Destiny 2 Review
Destiny 2 Cover Art
System: PS4, Xbox One, PC
Dev: Bungie
Pub: Activision
Initial Release: September 6, 2017
PC Release: October 24, 2017
Players: 1-8 Player
Screen Resolution: 480p-1080p Blood, Language, Violence
Destiny 2 Does Its Best
by Jenni Lada

It’s time for a fresh start. Destiny was a game with growing pains that turned into something beloved. Destiny 2 is here, ready to carry on the legacy. While it has some of its own growing pains to contend with, this is not a case where a game is released, takes time to find its footing, and only comes into its own after a few weeks and months. Destiny 2 hits the ground running. Are there occasional stumbles, especially in regards to the Crucible? Sure. But what is there is well organized and structured, eases players into adventures, and feels like it is preparing people for better things.

Destiny 2 has a strong story, one of the biggest changes from Destiny.While the original game had recognizable characters, such as Zavala, Ikora Rey, and Cayde-6, I never had the sense that we were actively involved in each others’ lives. We had the same profession and interacted from time to time as a result, but I couldn’t tell you much about them. Destiny 2 is all about the personal details. The game begins with The Last City falling. Dominus Ghaul and the Cabal Empire’s Red Legion have come to take the Traveler by force and steal its Light. All of the Guardians lose their light, many people are killed, and The Last City falls. The three Vanguards each retreat, with Zavala on Titan, Ikora on Io, and Cayde-6 on Nessus. Only the player’s Guardian remains unscathed, as he or she is restored after encountering a Traveler shard in the European Dead Zone.

There are a lot of familiar elements to Destiny 2’s story. A big bad wants everything for himself and isn’t afraid to use force to get it. The players’ Guardians are the special ones who somehow are able to save everything, even though there are more established warriors out there. Whenever a “bad guys” cutscene shows up, it’s Dominus Ghaul making threatening gestures, but sometimes not really doing anything. People like Suraya Hawthorne and Devrim Kay come across as typical, tough survivors. Where it really excels is with Zavala, Ikora, and Cayde-6’s personal crises. Each character goes to different extremes to cope. Getting to visit their respective planets, help them with their quests, connect with them, and restore them to their positions ended up being one of my favorite things to do in the game.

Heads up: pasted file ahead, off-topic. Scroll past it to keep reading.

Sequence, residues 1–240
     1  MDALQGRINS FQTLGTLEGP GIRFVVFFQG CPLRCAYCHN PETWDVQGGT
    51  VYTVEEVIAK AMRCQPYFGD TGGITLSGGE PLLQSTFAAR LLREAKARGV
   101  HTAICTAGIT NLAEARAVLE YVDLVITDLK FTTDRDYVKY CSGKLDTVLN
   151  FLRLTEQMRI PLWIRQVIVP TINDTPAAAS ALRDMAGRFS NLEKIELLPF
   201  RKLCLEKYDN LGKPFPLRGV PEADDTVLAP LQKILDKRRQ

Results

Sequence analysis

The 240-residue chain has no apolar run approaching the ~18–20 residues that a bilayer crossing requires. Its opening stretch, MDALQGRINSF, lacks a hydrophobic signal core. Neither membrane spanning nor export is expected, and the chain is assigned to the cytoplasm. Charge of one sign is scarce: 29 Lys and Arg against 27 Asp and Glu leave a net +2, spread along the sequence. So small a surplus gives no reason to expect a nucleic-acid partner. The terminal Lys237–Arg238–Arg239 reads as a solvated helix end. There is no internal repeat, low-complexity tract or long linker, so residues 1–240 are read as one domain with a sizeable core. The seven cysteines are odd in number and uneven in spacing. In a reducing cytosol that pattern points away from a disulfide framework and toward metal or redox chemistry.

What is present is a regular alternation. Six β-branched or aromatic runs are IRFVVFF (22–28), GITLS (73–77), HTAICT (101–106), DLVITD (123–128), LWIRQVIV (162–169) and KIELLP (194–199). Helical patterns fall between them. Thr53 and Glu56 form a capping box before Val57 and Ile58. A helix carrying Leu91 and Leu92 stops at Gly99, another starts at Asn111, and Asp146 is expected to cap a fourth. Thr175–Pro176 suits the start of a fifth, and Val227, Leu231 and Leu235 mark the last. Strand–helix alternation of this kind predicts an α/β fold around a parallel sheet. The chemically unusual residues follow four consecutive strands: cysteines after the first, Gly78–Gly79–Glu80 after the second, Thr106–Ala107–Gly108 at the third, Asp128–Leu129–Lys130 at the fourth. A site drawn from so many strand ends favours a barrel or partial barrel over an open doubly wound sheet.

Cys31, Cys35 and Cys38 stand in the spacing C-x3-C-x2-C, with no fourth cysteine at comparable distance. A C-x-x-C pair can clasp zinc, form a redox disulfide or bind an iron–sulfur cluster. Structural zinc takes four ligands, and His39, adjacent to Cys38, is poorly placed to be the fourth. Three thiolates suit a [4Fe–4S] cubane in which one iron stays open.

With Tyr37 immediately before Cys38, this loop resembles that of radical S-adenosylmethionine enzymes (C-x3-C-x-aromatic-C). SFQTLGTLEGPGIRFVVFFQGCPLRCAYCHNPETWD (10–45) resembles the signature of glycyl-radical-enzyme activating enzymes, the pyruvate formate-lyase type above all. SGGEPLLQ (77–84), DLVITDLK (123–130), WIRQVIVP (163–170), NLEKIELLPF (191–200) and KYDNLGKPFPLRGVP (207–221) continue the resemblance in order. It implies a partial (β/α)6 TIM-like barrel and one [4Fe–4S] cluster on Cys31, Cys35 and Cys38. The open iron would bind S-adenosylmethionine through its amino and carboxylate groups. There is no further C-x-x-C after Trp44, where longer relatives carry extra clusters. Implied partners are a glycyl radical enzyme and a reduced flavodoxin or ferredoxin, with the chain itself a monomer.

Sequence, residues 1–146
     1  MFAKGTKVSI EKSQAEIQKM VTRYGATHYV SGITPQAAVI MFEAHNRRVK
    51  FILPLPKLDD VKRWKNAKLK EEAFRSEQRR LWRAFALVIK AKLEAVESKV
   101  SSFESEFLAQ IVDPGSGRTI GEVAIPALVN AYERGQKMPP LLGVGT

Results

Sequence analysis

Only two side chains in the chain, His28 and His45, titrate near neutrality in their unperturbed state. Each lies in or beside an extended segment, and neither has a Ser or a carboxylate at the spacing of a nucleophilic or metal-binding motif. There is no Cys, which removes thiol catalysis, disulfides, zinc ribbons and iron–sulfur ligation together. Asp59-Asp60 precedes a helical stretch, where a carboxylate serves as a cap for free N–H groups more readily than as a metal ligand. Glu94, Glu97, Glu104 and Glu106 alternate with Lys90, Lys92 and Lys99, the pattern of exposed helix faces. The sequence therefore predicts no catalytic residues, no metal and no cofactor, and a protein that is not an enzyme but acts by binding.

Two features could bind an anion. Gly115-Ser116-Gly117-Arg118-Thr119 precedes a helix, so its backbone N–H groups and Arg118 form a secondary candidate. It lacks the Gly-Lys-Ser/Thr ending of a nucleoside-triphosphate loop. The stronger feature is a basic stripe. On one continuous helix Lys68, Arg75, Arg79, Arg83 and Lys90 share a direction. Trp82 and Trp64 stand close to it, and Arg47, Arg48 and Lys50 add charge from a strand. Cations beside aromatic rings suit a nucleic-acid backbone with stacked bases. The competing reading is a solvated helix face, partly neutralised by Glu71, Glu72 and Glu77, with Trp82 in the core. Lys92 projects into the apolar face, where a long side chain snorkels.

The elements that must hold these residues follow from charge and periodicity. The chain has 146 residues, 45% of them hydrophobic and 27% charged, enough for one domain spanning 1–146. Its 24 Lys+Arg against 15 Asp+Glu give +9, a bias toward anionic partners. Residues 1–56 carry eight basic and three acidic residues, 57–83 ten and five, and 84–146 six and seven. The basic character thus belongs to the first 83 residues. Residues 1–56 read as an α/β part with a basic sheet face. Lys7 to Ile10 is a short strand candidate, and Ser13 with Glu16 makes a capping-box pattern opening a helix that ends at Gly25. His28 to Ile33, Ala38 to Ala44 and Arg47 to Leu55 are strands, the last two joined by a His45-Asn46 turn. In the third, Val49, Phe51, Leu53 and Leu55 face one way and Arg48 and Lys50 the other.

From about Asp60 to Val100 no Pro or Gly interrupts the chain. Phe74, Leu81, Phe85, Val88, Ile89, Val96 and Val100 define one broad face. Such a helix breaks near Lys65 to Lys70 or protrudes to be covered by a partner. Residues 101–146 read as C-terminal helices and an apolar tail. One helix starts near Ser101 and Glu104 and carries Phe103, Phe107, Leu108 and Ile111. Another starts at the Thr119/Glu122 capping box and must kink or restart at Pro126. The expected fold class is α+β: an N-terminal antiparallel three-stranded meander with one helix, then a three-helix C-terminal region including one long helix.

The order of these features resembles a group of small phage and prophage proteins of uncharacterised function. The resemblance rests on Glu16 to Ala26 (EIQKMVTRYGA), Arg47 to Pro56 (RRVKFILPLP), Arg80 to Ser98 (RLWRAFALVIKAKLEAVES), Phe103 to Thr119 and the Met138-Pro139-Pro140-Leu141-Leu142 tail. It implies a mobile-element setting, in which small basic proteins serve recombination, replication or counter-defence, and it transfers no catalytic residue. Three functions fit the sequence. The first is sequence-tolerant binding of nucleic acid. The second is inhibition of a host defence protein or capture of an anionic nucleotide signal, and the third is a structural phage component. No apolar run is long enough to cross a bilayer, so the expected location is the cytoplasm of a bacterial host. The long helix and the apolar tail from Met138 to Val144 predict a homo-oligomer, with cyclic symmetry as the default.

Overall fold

Of course, customizing your own character is pretty great too. Destiny 2 sticks with the Hunter, Titan, and Warlock classes, giving each person Arcstrider Hunter, Sentinel Titan, and Dawnblade Warlock options to start. The Hunter feels almost exactly the same as it did in Destiny. It is a tight and responsive character, great in a firefight, though a bit frail unless players know what they’re doing. Titans are great for beginners, due to their strength and ability to put up shields. Warlocks are good in-between characters, with healing skills and bursts. The character creator is capable enough, letting you make some unique looking Awoken, Exos, and humans. Everyone feels rather balanced, and I especially appreciate how physical the Dawnblade Warlock feels with its Daybreak special that essentially has it wielding fire swords for a brief period of time.